DENVER – The U.S. Fish and Wildlife Service announced Friday it is considering formally listing the lesser prairie chicken as a threatened species.
The announcement begins a yearlong review that will include public meetings in four of the five states where the member of the prairie grouse family lives.
Fish and Wildlife said it made its decision based on evidence that the bird and its habitat are in decline.
“The lesser prairie chicken is a species that is in peril and has been for some time,” said Fish and Wildlife Director Dan Ashe.
The chicken’s range includes parts of Colorado, New Mexico, Texas, Oklahoma and Kansas. Nearly 85 percent of its grass- and brush-land habitat has been affected by ranching and farming. Most of its habitat is on private land.
Ranchers, farmers and wind-farm operators worry about a listing because it could increase regulations. Wind turbines, oil wells and fences are among the culprits scientists say have caused the chicken’s decline.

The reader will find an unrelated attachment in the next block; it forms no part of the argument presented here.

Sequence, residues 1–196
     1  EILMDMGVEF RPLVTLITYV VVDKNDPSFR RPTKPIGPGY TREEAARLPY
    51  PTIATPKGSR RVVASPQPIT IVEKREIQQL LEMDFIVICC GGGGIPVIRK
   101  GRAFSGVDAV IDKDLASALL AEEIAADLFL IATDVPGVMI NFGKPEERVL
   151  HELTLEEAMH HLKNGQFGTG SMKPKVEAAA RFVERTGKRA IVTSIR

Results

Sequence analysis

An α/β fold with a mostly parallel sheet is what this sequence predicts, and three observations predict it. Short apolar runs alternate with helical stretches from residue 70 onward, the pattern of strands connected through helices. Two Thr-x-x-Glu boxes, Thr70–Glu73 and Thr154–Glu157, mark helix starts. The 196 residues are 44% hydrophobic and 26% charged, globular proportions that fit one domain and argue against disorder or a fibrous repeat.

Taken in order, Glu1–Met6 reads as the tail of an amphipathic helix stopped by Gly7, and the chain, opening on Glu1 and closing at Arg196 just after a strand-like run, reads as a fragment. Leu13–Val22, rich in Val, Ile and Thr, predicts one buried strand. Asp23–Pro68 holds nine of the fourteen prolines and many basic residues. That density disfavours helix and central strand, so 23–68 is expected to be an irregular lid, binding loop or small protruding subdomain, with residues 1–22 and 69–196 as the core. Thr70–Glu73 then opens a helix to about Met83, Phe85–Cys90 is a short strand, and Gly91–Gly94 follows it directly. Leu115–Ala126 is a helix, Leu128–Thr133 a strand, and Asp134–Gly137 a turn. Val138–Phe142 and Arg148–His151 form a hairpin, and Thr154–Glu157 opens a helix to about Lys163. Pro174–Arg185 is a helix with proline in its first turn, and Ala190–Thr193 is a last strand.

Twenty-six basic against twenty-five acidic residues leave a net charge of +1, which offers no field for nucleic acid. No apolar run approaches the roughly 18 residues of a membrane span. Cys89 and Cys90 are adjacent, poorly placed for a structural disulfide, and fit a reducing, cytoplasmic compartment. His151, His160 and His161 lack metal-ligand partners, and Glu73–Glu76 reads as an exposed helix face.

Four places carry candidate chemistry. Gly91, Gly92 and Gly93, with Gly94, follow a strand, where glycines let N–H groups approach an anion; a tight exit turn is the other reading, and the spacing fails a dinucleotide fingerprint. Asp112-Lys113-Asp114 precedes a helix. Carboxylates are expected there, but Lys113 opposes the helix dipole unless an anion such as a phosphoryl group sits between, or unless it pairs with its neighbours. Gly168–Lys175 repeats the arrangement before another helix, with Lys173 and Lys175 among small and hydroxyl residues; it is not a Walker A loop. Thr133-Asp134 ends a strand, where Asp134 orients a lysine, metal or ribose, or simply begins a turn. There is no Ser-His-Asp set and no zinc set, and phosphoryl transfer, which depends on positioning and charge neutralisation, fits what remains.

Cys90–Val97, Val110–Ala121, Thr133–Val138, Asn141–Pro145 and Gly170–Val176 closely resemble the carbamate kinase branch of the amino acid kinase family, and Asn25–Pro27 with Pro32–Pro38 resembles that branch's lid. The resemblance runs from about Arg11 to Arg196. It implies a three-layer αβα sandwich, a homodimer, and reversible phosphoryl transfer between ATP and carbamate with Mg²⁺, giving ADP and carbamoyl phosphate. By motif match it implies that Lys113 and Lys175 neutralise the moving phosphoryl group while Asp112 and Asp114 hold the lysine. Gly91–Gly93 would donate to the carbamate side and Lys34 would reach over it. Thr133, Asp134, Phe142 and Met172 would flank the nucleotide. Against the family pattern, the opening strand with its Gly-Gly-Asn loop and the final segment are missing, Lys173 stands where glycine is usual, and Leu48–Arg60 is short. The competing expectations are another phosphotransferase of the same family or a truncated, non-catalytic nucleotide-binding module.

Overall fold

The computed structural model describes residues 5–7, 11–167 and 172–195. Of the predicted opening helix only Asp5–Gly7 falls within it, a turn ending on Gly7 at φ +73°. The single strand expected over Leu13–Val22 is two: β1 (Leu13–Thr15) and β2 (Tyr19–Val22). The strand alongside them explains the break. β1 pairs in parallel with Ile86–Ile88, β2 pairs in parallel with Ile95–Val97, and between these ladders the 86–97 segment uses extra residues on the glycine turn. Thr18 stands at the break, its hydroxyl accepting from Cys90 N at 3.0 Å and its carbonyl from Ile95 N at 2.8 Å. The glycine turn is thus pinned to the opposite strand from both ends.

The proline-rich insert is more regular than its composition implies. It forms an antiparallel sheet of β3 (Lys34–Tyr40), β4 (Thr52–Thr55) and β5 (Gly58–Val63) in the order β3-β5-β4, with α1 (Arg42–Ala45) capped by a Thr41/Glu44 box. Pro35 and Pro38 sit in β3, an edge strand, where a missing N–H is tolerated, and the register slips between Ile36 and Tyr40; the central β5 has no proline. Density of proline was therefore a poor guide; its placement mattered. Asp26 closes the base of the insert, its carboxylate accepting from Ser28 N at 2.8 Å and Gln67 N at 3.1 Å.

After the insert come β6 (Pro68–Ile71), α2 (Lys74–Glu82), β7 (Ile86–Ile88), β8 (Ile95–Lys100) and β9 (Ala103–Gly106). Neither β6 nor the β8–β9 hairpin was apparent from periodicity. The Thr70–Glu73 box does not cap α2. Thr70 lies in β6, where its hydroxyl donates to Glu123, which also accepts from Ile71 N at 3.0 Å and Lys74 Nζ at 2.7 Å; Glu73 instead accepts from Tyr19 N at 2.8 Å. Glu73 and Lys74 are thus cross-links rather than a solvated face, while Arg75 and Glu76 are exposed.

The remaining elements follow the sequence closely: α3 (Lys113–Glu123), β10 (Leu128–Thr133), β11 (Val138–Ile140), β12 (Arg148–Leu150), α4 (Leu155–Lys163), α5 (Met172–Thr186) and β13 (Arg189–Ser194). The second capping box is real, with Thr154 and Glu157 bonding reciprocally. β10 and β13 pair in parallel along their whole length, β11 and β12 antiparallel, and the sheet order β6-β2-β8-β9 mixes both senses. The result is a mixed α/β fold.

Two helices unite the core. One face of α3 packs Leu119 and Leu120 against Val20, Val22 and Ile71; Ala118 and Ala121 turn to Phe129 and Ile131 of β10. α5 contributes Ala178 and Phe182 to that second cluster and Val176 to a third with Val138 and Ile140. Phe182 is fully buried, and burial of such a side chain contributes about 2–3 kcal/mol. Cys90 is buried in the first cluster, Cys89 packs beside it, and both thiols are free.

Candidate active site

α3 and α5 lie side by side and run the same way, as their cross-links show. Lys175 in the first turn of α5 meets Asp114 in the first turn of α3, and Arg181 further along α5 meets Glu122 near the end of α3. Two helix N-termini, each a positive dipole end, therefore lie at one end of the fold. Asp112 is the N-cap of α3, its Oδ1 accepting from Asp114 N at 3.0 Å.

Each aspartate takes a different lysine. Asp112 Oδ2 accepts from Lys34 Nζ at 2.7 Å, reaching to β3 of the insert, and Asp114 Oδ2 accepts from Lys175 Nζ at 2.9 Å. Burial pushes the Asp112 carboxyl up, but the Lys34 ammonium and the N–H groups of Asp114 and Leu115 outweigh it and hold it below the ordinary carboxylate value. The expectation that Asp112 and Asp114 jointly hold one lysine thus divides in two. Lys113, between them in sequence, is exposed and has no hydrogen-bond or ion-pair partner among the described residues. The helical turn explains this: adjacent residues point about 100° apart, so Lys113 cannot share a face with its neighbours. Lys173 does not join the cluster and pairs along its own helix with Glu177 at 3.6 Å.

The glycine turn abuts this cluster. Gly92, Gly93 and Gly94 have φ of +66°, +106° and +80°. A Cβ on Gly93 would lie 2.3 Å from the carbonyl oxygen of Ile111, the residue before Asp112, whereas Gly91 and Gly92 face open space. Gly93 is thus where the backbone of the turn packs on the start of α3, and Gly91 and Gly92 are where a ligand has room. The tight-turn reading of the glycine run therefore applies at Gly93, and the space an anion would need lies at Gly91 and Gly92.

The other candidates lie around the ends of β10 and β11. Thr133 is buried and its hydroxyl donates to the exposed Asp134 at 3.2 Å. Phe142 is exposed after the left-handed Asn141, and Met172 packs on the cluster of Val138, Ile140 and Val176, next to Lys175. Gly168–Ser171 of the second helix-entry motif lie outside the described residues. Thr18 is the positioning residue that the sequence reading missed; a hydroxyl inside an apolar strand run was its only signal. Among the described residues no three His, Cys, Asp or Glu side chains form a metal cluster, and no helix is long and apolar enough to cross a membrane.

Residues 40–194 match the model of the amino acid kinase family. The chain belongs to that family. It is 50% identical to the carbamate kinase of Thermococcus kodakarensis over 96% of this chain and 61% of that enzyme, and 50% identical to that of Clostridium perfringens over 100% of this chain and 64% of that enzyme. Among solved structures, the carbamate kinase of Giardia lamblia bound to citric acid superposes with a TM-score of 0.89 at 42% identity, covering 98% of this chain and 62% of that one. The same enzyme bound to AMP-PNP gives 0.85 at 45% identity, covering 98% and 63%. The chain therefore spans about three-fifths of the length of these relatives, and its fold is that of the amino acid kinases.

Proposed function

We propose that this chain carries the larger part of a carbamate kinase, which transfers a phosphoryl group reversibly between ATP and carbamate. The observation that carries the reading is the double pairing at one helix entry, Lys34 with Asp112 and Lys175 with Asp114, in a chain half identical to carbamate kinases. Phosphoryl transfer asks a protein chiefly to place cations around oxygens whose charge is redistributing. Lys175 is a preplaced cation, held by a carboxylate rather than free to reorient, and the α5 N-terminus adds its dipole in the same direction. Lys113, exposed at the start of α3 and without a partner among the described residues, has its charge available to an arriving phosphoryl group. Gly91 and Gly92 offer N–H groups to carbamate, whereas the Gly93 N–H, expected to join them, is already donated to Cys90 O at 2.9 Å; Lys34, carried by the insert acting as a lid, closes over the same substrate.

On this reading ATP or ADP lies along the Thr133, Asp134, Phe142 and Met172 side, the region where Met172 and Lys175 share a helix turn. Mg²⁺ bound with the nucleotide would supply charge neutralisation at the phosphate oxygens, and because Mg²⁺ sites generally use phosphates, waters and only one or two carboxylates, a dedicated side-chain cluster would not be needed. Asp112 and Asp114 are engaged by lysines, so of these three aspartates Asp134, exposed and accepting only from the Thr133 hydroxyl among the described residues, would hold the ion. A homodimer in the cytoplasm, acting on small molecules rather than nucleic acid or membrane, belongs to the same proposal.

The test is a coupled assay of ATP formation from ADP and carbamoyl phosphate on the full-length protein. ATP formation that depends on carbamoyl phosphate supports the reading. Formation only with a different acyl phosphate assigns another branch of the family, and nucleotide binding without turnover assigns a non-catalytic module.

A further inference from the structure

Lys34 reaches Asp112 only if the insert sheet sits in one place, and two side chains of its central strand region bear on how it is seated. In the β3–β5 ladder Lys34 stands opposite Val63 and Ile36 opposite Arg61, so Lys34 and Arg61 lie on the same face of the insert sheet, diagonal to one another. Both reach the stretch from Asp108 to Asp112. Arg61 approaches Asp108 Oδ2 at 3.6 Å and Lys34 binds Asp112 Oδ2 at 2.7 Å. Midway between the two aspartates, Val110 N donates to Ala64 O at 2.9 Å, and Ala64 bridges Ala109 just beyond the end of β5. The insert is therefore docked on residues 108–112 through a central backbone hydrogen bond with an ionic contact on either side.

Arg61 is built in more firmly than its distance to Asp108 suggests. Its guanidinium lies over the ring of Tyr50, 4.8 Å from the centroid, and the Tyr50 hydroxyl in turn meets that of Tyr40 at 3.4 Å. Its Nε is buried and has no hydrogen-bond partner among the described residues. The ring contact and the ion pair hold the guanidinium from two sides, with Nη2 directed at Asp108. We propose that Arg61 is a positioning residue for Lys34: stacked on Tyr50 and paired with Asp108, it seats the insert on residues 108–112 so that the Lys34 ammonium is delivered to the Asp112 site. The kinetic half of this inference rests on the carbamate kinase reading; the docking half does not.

U.S. Rep. Doc Hastings, R-Wash., chairman of the Natural Resources Committee, said the listing “could significantly disrupt traditional and renewable American energy production and delivery, as well as agriculture.
“Energy projects, including renewable wind energy, would be placed in jeopardy, facing inevitable delay and uncertainty due to new layers of regulatory red tape,” Hastings said in a statement Friday.
Federal authorities sought to ease those concerns.
“We know that we cannot restore, protect and reconnect the habitat ... without the help of private landowners,” said Benjamin Tuggle, Fish and Wildlife’s southwest region director.
Conservationists will work to “keep farming and ranching families on the land,” he said.
The review meetings will be in February in Woodward, Okla.; Garden City, Kan.; Lubbock, Texas; and Roswell, N.M.
The lesser prairie chicken has feathered feet and a stout build. Males display brilliant yellow-orange eye combs and reddish-purple air sacs during courtship displays.
A final decision on the chicken listing is expected by November 2013.